Crime Retrospective
Paul Cézanne's The Card Players (1890–92) was stolen on August 13, 1961 when traveled to Aix-en-Provence as part of a traveling exhibition. VIA WIKIMEDIA COMMONS

The Art-Theft Fad: Stolen Paintings by Goya, Matisse, Picasso, Cézanne, and More, in 1961

Was 1961 the year of art theft? Thomas B. Hess wondered just this in an op-ed published in the September 1961 issue of ARTnews. Hess’s essay, in which he terms the craze “the art-theft fad,” follows in full below.“The art-theft … Read More

Crime Retrospective
Vincenzo Peruggia’s mug shot from 1909.

‘A Plain Steal’: The Theft and Recovery of the ‘Mona Lisa,’ in 1911 and 1913

The Mona Lisa has been the subject of many art crimes, but none have been as major as when Vincenzo Peruggia stole it in 1911. Below is ARTnews coverage of the theft from 1911, when the painting was stolen, and … Read More

Crime Retrospective The Knoedler Affair
Stereoscopic image of M. Knoedler & Co., ca. 1860–90. VIA WIKIMEDIA COMMONS

Wiretappers and Art Galleries: The Other Knoedler Trial, in 1956

Many are now familiar with the much-publicized Knoedler trial, which, as M. H. Miller wrote in a recent article published in these pages, “unearthed one of the greatest scandals the art world has ever seen and laid bare the chain … Read More


‘Can Computers Be Programmed to Appreciate Art?’: The Machine as Viewer, in 1977

With the recent release of Magnus, an app that can recognize artworks using visual data, we turn back to the Summer 1977 issue of ARTnews, in which the editors wondered if it was possible for a computer to appreciate art. “Would there … Read More

Margaret Harrison, Homeworkers, 1977. ©MARGARET HARRISON/TATE, PURCHASED 2011

‘Well-Edited Memorials of Wanderlust’: A Brief History of British Conceptual Art

In honor of Tate Modern’s survey of British Conceptual art, “Conceptual Art in Britain 1964–1979,” which opened earlier this week, below are excerpts of reviews from the ARTnews archives. All of the artists discussed are included in the show, which … Read More


‘He Nudges the Sacred Liberal Cows of Assimilation’: A Brief History of David Hammons

With David Hammons’s 50-year career being surveyed at New York’s Mnuchin Gallery, many critics have taken the opportunity to reflect on the artist’s work, which has often dealt with racial and economic inequities, both in the art world and in … Read More

Edgar Degas, Autumn Landscape, 1890, monotype in oil on paper. PRIVATE COLLECTION

The Landscape Painter Degas Might Have Been: Theodore Reff on an Unseen Side of the Impressionist, in 1976

Many visitors to the Museum of Modern Art’s show “Edgar Degas: A Strange New Beauty” will probably come for the French Impressionist’s paintings of ballet dancers, but they’ll also get a look at a less-known aspect of Degas’s work: his landscapes. For … Read More

Henri Rousseau, La Rêve (The Dream), 1910. ©2016 SCALA, FLORENCE/DIGITAL IMAGE: MUSEUM OF MODERN ART, NEW YORK

‘He Produced Masterpiece After Masterpiece’: Max Weber Remembers Henri Rousseau, in 1942

With the Musée d’Orsay’s exhibition “Le Douanier Rousseau: Archaic Candor” having opened this week, we turn back to the February 15, 1942, issue of ARTnews, in which the American Cubist painter Max Weber remembered his friend Henri Rousseau. (The French … Read More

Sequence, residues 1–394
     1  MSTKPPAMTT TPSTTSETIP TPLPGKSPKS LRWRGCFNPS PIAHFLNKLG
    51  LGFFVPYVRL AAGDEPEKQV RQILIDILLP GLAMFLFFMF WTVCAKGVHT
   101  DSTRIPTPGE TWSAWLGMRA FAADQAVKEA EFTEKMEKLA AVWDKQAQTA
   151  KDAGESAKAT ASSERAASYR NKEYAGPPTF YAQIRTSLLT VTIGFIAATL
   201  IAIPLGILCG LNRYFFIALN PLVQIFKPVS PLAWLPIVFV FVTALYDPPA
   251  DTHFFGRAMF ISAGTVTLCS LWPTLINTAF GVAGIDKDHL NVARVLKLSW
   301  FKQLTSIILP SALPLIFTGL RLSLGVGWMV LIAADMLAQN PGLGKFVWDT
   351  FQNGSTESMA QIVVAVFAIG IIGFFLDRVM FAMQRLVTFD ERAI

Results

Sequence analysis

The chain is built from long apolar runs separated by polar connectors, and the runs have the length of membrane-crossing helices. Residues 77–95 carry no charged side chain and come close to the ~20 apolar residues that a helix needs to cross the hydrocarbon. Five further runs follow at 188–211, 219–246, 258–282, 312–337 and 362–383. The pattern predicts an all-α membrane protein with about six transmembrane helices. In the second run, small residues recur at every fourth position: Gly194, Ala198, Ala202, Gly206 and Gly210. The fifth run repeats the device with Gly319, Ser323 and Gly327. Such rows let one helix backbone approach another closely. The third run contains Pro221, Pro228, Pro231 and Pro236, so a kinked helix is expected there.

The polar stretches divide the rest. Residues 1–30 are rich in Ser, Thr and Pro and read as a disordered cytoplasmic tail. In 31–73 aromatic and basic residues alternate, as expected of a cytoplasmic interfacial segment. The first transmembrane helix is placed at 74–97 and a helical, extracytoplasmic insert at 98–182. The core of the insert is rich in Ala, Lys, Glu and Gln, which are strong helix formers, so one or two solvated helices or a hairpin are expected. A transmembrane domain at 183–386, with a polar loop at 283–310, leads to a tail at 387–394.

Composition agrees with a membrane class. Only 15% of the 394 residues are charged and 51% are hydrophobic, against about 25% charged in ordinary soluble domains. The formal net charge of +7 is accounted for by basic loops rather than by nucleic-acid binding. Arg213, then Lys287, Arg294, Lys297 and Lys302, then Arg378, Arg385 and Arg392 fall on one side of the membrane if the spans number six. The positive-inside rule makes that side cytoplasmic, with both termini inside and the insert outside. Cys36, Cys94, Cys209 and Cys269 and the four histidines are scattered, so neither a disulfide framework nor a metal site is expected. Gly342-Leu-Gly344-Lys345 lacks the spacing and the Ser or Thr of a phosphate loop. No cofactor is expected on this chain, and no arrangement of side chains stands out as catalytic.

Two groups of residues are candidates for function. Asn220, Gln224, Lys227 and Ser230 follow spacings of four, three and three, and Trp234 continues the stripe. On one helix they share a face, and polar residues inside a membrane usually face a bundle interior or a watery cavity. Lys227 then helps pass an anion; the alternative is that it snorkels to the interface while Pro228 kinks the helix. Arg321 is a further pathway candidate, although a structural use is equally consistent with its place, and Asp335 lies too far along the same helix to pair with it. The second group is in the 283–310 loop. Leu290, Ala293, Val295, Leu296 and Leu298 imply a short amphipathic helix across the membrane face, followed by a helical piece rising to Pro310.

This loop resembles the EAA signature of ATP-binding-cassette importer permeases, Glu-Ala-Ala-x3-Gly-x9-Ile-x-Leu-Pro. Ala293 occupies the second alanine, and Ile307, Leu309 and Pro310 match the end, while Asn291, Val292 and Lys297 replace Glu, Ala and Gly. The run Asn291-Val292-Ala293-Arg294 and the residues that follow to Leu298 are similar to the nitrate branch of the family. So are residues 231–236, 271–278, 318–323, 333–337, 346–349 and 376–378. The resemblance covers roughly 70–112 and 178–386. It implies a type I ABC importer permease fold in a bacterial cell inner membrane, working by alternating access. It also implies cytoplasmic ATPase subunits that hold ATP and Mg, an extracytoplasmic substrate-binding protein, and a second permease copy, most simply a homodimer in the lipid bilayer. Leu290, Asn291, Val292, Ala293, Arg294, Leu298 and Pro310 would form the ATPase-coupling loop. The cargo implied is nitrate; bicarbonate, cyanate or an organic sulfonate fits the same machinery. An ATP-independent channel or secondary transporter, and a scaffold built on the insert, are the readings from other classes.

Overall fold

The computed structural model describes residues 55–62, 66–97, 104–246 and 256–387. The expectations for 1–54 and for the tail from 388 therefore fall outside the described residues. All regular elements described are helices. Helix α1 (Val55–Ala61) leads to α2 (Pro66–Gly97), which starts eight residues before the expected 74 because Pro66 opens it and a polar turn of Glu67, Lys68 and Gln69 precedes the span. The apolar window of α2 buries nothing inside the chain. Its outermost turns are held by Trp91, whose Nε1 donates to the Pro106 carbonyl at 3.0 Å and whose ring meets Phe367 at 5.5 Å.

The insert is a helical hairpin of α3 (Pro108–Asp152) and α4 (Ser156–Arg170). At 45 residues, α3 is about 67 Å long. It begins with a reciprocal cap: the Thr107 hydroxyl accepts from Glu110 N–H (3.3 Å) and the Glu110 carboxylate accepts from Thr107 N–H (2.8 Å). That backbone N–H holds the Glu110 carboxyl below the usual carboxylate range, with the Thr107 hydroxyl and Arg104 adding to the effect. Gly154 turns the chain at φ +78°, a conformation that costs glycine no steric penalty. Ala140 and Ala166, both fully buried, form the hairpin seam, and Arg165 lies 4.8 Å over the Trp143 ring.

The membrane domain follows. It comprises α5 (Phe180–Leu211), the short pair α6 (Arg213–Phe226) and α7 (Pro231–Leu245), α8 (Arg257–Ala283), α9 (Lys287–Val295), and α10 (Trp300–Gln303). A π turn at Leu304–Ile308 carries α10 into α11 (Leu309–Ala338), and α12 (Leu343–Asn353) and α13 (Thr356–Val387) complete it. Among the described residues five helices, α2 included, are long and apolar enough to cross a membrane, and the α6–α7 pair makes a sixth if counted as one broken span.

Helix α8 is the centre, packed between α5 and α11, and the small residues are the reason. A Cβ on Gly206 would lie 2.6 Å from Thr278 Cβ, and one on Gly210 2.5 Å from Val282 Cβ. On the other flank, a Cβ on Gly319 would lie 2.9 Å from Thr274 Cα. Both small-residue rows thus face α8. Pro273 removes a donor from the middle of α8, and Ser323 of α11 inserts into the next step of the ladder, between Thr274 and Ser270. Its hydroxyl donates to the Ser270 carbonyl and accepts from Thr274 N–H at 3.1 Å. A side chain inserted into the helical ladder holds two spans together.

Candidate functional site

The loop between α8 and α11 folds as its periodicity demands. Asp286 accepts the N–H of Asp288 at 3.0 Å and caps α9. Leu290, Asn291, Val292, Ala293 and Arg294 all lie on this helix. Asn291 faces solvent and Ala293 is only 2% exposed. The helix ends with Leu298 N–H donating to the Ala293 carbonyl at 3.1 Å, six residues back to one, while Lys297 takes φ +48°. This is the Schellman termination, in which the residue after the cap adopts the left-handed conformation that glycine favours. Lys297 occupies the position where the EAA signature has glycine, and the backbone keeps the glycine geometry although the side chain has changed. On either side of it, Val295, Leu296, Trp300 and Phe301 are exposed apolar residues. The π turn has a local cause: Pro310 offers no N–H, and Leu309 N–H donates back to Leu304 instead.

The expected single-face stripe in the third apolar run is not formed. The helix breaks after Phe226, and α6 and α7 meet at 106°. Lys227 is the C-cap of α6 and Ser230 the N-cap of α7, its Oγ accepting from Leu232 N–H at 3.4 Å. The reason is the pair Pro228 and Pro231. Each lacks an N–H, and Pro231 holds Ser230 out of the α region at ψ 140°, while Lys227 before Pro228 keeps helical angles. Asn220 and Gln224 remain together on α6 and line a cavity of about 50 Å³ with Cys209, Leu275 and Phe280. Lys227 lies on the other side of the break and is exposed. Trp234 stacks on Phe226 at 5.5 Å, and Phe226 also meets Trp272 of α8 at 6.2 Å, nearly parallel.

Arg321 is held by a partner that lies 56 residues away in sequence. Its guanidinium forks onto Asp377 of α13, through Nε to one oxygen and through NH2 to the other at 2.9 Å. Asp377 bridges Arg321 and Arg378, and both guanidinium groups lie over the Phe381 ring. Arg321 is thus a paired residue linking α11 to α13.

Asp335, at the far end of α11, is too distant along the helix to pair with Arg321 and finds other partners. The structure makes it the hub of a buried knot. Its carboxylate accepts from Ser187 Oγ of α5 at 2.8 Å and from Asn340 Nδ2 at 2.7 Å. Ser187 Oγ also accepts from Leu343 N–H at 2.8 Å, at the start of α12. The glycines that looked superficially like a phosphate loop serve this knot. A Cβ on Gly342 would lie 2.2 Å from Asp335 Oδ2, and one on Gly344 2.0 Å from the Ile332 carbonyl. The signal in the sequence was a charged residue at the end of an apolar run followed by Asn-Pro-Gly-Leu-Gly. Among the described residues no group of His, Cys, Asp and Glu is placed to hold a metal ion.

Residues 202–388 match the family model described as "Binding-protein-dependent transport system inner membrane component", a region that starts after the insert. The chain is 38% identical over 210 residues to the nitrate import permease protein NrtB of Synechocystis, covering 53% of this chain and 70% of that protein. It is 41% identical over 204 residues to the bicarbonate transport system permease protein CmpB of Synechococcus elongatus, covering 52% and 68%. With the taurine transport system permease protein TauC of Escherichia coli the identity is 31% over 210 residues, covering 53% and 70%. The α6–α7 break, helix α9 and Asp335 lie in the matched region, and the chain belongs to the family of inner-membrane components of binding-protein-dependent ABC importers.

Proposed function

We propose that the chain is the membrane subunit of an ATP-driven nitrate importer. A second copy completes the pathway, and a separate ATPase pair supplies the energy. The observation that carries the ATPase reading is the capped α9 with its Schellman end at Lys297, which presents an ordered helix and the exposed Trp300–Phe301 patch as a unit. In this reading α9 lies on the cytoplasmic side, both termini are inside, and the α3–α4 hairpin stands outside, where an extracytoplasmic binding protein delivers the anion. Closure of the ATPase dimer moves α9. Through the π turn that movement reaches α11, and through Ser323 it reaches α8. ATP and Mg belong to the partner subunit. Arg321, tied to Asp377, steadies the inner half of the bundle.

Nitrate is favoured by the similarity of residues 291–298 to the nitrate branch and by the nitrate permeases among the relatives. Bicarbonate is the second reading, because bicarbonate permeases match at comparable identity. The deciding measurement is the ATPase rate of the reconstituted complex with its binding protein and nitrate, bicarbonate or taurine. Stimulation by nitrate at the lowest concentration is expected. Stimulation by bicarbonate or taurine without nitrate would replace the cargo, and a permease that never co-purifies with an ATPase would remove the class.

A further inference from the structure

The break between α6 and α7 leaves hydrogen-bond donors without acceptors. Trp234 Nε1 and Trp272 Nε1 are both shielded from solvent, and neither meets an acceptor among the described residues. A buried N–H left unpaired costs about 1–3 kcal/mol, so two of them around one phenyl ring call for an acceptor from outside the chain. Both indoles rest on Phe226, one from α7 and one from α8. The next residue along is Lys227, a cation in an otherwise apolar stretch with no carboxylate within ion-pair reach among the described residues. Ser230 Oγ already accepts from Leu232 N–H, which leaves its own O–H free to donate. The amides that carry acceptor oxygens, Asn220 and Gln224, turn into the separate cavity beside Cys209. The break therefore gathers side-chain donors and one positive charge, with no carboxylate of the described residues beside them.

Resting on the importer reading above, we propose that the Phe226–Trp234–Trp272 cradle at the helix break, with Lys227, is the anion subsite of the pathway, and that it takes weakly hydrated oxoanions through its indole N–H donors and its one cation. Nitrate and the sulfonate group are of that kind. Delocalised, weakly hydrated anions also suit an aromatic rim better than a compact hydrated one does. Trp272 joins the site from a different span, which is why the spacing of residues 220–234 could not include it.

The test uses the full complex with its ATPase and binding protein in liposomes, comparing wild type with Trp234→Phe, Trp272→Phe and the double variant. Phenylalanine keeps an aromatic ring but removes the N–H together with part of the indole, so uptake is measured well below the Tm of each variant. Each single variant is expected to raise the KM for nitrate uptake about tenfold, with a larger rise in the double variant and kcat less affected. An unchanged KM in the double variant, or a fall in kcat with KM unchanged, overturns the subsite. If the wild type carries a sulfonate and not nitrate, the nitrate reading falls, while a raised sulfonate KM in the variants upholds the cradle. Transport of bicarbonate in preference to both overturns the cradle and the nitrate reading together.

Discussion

The Met Breuer, the Metropolitan Museum of Art's annex for modern and contemporary art, opens today.COURTESY METROPOLITAN MUSEUM OF ART

‘In the Spirit of the Present Day’: The Met Gets Modern With a Major Donation of 19th-Century Painting, in 1930

Today the Metropolitan Museum of Art opens the Met Breuer, its hotly anticipated annex for modern and contemporary art. Many have seen the Met Breuer as a way of bringing the Met up to date, making it an encyclopedic museum … Read More

Eva Hesse, Aught, 1968 (wall); and Augment, 1968 (floor), at Hauser Wirth & Schimmel's "Revolution in the Making: Abstract Sculpture by Women, 1947–2016." AUGHT: COLLECTION OF UNIVERSITY OF CALIFORNIA, BERKELEY; AUGMENT: PRIVATE COLLECTION/BRIAN FORREST/COURTESY THE ARTIST AND HAUSER WIRTH & SCHIMMEL

‘She Was Piecing Together a New Kind of Expressionism’: Kim Levin on Eva Hesse, in 1973

This Sunday, Hauser Wirth & Schimmel inaugurates its new Los Angeles space with “Revolution in the Making: Abstract Sculpture by Women, 1947–2016.” The show runs the gamut, from Ruth Asawa to Sonia Gomes, creating what seems to be a historical … Read More

Armory Week 2016 Retrospective

Intelligent Interest in American ‘Moderns’: An Armory Show Competitor Arises, in 1916

‘The exhibition will represent the largest collection of the new art works ever shown in this country, with the exception of the Armory show’ Read More

Artists Retrospective

Subjective, Dynamic, and Religious: On the ‘Practically Unknown’ Artist Edvard Munch and German Expressionism, From 1950

In honor of “Munch and Expressionism,” which just opened at the Neue Galerie in New York, we turn back to the May 1950 issue of ARTnews, which featured an article that, coincidentally, has the same title. Written on the occasion … Read More

Serge Charchoune, Petite Composition Musicaliste, 1945. COURTESY HANINA FINE ARTS, LONDON

A Gentle Paris Painter of Another Age: William N. Copley on Serge Charchoune, in 1960

In honor of the Menil Collection’s William N. Copley survey, which opened today and is subtitled “The World According to CPLY,” we turn back to the March 1960 issue of ARTnews, which featured a profile of the painter Serge Charchoune … Read More

Installation view of "Electronic Superhighway (2016 – 1966)" at the Whitechapel Gallery. STEPHEN WHITE

To Take a Computer as an Apprentice: A Look at When Art Met Technology at LACMA, in 1971

With so many shows about art and the Internet lately, it’s hard to remember a time when it was unexpected that artists would ever rely on machinery and electronics, but, in 1971, when the Los Angeles County Museum of Art opened … Read More